August 26, 2010

Paying to Blog or Write - What do you say?

It's common practice for many businesses to have to get a license or some kind of registration, depending on the location, of course. But let's say you blog or are a freelance writer. Maybe you have a few ads on your blog, or sell a few things here and there...

Well if you live in Philadelphia, that city believes that in both cases, you need a "business privilege" license allowing you to operate. And in this case, it'll cost you $50 a year or $300 a lifetime to do it. See full story.

And by the way, it doesn't matter whether you make $10 a month or your blog or writing, or $1,000 a month.

Is this a case of a governmental entity reaching their hand into your pocket and finding another way to make money off people? Finding another way to tax the Internet or making people who are making good money pay up? But what's the sense in taxing someone $50 who doesn't make much on their venture? And if you're a freelance writer, why should you have to pay more?

What's your opinion?

6 comments:

  1. That is disgusting. Your blog is like an on line Diary. If it came to that over here, I'd make my blog private and only invite my friends and family to view it.

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  2. Chris, my opinion is that this is a bizarre thing; imagine if every city had their own similar requirement?

    I can see an argument for treating freelance writers the same as other independent, small business owners - it's not a question of abridging the freedom of speech, really - but the frustration and ridiculousness of the situation is summed up well, at the end:

    "In the last two years, Barry said he's made about $11 and change from the tiny ads on his site, nothing else.

    "'This is not a business,' he said. 'Really, it's a labor of love.'"

    I think an argument could be made, by such bloggers, that it is a HOBBY, not a BUSINESS, in which case the license should not apply (or should apply to grandmas who knit, and occasionally sell a handmade item).

    In any case, if the law stands (which it could - after all, governments have successfully gone after small children and their lemonade stands in similar cases), there may be some consolation in that the business can write that off as a business expense. The PC would also have to be tax deductable, I think - the fact that the government deemed it a business would be prima facie evidence of that, surely? The home office space, too. And Web hosting fees...

    And of course, the business could claim a loss over the first couple of years. After which it would be deemed by the IRS to be a "hobby." And at that point, surely, one could go back to Philly and say, "Look, I'm going to file suit in federal court and let you and the IRS battle it out to determine whether my business is a business or a hobby. But I'm telling you right here and now, if it's found to be a hobby under federal law, I'm going to need a refund of those fees..." ;)

    Or look at it this way: many a writer could have a great deal of fun, at Philadelphia's expense, for just $50 to $300.

    Oh...wait. We can do that now, for free.

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  3. In my opinion, there's a very clear First Amendment problem here.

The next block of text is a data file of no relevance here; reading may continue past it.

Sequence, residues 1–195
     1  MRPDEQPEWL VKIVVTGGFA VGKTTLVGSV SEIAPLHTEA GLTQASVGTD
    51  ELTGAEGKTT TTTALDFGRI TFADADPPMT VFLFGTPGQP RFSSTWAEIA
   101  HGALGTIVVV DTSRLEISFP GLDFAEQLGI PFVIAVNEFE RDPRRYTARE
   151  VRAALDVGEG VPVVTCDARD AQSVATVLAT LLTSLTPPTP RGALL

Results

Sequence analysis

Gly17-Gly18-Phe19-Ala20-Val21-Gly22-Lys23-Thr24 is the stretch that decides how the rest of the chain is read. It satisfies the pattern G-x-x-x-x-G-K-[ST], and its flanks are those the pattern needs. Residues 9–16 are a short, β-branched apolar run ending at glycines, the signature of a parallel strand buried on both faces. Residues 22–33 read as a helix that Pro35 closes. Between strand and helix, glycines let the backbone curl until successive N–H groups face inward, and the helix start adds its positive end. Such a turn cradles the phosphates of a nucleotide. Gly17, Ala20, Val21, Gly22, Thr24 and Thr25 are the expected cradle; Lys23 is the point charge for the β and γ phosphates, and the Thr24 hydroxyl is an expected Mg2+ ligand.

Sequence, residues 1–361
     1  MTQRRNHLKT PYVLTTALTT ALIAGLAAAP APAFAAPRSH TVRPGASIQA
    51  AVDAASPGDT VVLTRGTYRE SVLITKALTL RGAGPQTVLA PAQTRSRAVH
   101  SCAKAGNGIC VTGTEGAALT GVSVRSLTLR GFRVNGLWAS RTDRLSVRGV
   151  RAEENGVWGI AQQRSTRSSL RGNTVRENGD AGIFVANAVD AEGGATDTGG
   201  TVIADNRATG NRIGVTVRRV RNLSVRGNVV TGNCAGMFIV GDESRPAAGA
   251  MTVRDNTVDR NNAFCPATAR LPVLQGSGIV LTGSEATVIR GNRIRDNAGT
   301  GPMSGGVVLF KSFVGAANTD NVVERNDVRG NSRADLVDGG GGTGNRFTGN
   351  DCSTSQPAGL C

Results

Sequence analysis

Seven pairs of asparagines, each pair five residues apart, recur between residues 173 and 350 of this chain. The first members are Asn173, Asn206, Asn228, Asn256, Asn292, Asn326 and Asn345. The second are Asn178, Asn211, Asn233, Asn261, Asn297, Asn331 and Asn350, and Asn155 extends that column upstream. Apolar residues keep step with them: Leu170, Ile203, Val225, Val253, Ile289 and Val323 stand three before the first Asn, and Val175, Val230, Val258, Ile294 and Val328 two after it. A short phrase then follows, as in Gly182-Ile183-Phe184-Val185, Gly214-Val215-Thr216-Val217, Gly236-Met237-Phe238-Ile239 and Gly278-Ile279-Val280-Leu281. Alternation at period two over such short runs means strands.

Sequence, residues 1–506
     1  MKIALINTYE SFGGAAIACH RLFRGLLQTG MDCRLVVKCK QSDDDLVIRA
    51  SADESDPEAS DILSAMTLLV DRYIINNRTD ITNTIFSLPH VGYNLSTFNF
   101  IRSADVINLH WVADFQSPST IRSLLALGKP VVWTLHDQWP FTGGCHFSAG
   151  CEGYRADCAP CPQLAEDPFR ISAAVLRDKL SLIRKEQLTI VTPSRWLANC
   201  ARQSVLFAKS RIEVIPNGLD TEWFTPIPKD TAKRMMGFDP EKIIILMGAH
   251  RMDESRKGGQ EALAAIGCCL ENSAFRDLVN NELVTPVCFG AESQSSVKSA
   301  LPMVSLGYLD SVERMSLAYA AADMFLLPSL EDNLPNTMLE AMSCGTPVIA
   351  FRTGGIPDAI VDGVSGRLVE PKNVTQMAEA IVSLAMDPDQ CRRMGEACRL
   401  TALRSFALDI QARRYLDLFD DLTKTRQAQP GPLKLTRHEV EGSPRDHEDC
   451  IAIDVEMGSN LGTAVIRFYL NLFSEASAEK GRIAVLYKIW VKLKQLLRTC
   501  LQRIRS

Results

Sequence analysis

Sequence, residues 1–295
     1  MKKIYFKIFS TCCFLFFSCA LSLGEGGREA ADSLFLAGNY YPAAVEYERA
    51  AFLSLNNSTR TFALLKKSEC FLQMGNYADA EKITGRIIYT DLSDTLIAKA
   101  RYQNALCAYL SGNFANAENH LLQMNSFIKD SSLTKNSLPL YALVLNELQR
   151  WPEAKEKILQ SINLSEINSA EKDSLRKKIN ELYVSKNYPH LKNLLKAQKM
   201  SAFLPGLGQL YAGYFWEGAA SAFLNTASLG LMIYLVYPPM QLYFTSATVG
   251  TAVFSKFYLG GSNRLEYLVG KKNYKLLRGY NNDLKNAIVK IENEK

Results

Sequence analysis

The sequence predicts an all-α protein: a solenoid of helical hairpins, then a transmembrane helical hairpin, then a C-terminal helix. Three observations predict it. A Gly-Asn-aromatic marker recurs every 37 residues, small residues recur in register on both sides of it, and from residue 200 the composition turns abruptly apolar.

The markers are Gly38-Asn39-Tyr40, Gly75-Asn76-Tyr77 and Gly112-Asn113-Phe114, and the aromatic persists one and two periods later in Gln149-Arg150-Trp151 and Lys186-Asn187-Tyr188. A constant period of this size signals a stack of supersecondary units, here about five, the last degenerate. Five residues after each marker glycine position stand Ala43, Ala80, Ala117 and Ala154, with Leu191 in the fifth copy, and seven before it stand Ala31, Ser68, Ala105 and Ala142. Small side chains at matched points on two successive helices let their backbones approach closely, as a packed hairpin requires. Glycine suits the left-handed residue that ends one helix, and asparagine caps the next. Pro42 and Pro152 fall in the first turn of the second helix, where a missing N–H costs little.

The government shouldn't be granting licenses allowing people to write. Period.

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  4. Debbi, they're not. They're granting licenses to operate a writing or blogging business.

    If you keep a strictly personal blog and do not advertise your business, your books, your writing services, or run ads on it - in short, if you do not even INTEND to earn money from it - then there is no issue here.

    They will, likely, succeed in this. In fact, it looks as though they already have, with regard to freelance professional writers - they are just extending it to "professional bloggers." And assuming they do succeed, how many states or municipalities will follow suit? Times are tough - I expect they all will, in order to raise revenues. Then the problem becomes one of mobility - in how many different venues will you be expected to have such a license? What if you move? Is there any reciprocity? It's ludicrous, but clever.

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  5. Yes I think it just becomes another way for cities, etc. to make money off you. As a writer, you need to be online,to "advertise," but that in essence then becomes another tax, when you already pay enough, esp. if you are self-employed. For tax purposes if you're a writer, you don't want your writing to be a hobby if you need to make deductions...

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  6. No one has mentioned the loss of "FREEdom of speech?" (Not free if a price is attached)
    I am sure Philly is not the only city trying to make an additional buck off this. And I am sure that once word of this gets out other opportunistic cities will begin to write similar ordinances.
    Should this be passed, I would fight for stipulations on how much income needs to be generated before the license becomes necessary. Think of your favorite authors- most are considered freelancers. And most would be able to afford $300. What, in return, is a city willing to supply for that payment? There should be benefits.
    Or- to get around it, an enterprising local paper could say the city's bloggers are part of their staff, thus exempt.
    (I know, that would bring up other issues.)
    Who would be responsible for enforcing the law? Will Philly have to hire cyber stalkers?
    I think Free Enterprise is a concept that gets attacked enough.

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